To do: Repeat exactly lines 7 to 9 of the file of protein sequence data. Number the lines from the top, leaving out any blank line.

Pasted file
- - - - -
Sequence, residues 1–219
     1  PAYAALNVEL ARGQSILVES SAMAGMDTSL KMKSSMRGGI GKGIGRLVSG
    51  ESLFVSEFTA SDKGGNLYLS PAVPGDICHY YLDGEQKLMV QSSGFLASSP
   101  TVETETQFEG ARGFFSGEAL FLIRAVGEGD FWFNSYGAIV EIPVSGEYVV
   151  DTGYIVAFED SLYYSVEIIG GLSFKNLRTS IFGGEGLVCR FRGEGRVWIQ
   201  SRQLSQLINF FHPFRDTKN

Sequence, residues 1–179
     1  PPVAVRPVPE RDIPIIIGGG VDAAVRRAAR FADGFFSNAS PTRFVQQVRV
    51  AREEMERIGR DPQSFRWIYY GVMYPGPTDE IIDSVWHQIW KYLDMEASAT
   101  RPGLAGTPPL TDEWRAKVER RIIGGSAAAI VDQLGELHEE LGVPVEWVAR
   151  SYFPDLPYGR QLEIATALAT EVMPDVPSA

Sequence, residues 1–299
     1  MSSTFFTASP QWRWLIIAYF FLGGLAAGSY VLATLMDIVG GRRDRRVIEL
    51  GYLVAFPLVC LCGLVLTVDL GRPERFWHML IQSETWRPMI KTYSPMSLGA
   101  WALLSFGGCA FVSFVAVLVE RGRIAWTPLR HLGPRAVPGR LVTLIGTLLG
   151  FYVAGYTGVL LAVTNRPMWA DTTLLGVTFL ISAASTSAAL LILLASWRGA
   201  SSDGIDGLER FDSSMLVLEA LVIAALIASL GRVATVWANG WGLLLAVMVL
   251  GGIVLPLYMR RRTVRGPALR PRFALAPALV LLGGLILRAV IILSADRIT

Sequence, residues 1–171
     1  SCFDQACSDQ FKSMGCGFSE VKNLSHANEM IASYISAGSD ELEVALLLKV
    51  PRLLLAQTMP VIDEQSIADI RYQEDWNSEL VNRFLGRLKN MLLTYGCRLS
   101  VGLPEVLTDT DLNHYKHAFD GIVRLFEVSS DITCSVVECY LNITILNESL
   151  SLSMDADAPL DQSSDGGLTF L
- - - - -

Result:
Sequence, residues 1–179
     1  PPVAVRPVPE RDIPIIIGGG VDAAVRRAAR FADGFFSNAS PTRFVQQVRV
    51  AREEMERIGR DPQSFRWIYY GVMYPGPTDE IIDSVWHQIW KYLDMEASAT